Wayne Smith - born on December 5, 1965 in Waterhouse, Kingston, Jamaica - began singing while at school and in church, where he cultivated his unique vocal technique. After achieving his educational qualifications he began an apprenticeship as an electrical engineer. His training centred around the Papine region of St. Andrew's, where many top performers began their musical careers, including Brigadier Jerry, Sister Nancy, Anthony Malvo and Chaka Demus. Smith spent his free time at King Jammy's (then Prince Jammy) sound system, hoping for an opportunity on the microphone. His persistence came to fruition and, inspired by the audience's response, Jammy recorded Smith's debut single titled "Aint No Me Without You".
Teacher & Mr. T.
However, his finest moment came early 1985 when he was directly involved in what is considered by many to be a pivotal phase in the Jamaican recording industry. Wayne Smith's "Under Me Sleng Teng" was the first fully-computerised riddim to properly blow up in Jamaica. There are a couple of conflicting stories about how the riddim - based on the riff from Eddie Cochran's "Something Else" - was first found on the computerised keyboard. It might have been the discovery of Wayne Smith and another young singer, Noel Bailey - or, alternatively, Jammy's engineer and session musician Tony Asher who found it with Smith. Whichever account is nearer the truth, the rock 'n' roll riddim on the Casio music box was slowed down and rebuilt by Asher at Jammy's St Lucia Road studio, and launched on an unsuspecting world at the historic sound clash between Jammy's Super Power sound system and the Black Scorpio set at Waltham Park Road on February 23, 1985. In the heat of the battle, Jammy delivered his production, and its impact was immediate. With the exception of Wayne Smith's dancehall vocal, every element of the monumental "Under Me Sleng Teng" was digital. The disc served as the final blow in the clash, and subsequently changed the course of reggae itself as it kicked-off digital reggae, or ragga. Versions, whether on Jammy's original riddim track or variants hurriedly built by rival producers, followed by the trailerload. Not only became "Under Me Sleng Teng" a massive hit around the world, its riddim continued to provide the basis for a number of reggae dancehall hits in the next two decades.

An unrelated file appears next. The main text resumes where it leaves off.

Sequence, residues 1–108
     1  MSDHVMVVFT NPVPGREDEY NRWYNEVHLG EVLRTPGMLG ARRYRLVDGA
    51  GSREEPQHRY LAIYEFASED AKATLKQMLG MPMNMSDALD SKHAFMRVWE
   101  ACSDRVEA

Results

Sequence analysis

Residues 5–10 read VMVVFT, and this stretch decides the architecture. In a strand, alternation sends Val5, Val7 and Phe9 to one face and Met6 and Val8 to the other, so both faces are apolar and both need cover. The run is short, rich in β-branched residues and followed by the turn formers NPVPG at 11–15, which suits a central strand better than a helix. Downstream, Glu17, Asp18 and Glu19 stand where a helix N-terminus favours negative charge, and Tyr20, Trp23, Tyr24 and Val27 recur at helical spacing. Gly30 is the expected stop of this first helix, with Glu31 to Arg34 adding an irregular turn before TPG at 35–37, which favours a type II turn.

During his association with Jammy's, Smith also recorded dancehall favourites such as "Life Is A Moment In Space", "Ism Skism" and the ones featured on this wicked digital re-mastered re-release of the "Under Me Sleng Teng" album... "Icky All Over", "Love Don't Love Me" and "Walk Like Granny". Furthermore this cd contains two bonus tracks (the original 12" version" and the remix of "Under Me Sleng Teng "). Throughout this set Wayne Smith demonstrates his talent for songwriting and singing, fully showing that he's not a "one hit" artist. Backed by Steely & Clevie and The Super Power All-Stars he treats us to some notable and entertaining dancehall tunes. All in all a solid album worthwhile purchasing.